NCIP, BCDA firm agree to keep genuine ancestral lands in Camp John Hay
BAGUIO CITY—The National Commission on Indigenous Peoples (NCIP) and a government firm owned by the Bases Conversion and Development Authority agreed last week to honor ancestral land titles issued inside Camp John Hay, provided these prove to be genuine.
The board of directors of John Hay Management Corp. (JHMC) and NCIP Chairperson Zenaida Hamada-Pawid formed a task force on April 10 to validate the Certificates of Ancestral Land Titles (CALTs) inside the former American rest and recreation center, said Leandro Yangot, JHMC director.
Yangot said the BCDA had asked the Office of the Solicitor General (OSG) to include ancestral land titles inside Camp John Hay among the Baguio CALTs the OSG had petitioned the courts for nullification, Yangot said.
The OSG is acting on behalf of the Baguio government, which contends that many of the CALTs issued inside government reservations were spuriously processed, city government records showed.
“But JHMC also promised to respect ancestral claims. So three members of JHMC and three members of the NCIP will review around 20 CALTs inside Camp John Hay. The titles that turn out to be genuine will not be challenged in court. The task force hopes to accomplish its job within the month,” said Yangot.
He heads the committee overseeing JHMC’s compliance to 19 conditions set in City Council Resolution No. 362, series of 1994, in return for the Baguio government’s endorsement of Camp John Hay’s privatization.
Condition No. 5 said ancestral claims covering portions of Camp John Hay “shall not be considered as closed and instead treated as pending, so that—from the time an ancestral law is passed by Congress implementing the provisions of the 1987 Constitution—the said claims should be decided by the appropriate administrative body or the courts and whoever are entitled to be compensated shall be given due and just compensation.”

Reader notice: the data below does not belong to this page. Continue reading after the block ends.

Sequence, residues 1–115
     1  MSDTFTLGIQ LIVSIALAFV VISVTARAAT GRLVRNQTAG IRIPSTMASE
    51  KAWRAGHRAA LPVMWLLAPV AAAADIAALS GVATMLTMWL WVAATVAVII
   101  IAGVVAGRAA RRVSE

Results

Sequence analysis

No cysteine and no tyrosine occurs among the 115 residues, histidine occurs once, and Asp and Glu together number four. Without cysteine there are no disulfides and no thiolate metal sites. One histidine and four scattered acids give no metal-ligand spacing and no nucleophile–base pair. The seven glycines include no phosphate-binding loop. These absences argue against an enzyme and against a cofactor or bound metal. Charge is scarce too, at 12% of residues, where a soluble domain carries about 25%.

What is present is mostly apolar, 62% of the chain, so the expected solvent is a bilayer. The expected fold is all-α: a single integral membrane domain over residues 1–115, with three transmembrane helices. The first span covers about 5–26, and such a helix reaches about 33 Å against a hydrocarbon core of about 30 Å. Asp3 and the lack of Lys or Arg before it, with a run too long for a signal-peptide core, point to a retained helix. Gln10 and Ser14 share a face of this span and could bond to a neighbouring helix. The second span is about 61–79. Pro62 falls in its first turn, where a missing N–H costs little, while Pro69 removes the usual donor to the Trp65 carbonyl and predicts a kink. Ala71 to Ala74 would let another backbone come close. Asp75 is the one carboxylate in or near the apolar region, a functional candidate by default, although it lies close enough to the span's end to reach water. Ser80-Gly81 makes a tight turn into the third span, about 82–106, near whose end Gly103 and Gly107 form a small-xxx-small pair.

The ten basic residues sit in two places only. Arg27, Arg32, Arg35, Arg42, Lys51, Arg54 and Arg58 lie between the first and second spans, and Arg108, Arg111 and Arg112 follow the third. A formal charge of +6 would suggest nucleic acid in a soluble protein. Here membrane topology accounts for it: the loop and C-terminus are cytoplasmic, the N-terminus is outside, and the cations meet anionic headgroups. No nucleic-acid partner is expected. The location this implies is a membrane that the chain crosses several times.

In 1997, then President Fidel Ramos signed into law Republic Act No. 8371 (Indigenous Peoples Rights Act), which created NCIP to investigate, process and issue ancestral land titles.
The BCDA now owns Camp John Hay, as well as other former American-controlled military bases and reservations in the country.
Baguio’s only ancestral domain is also inside Camp John Hay, Yangot said.
The Certificate of Ancestral Domain Title (CADT) for Barangay Happy Hallow, which covers 146 hectares, was issued in 2010, but its existence had become a legal issue for the BCDA because the community is one of the original 14 villages it promised to segregate, he said.
“We do not know if the BCDA and JHMC have already fulfilled part of our obligation with the CADT or whether government needs to nullify it so the BCDA can proceed with its segregation project,” Yangot said.—Vincent Cabreza
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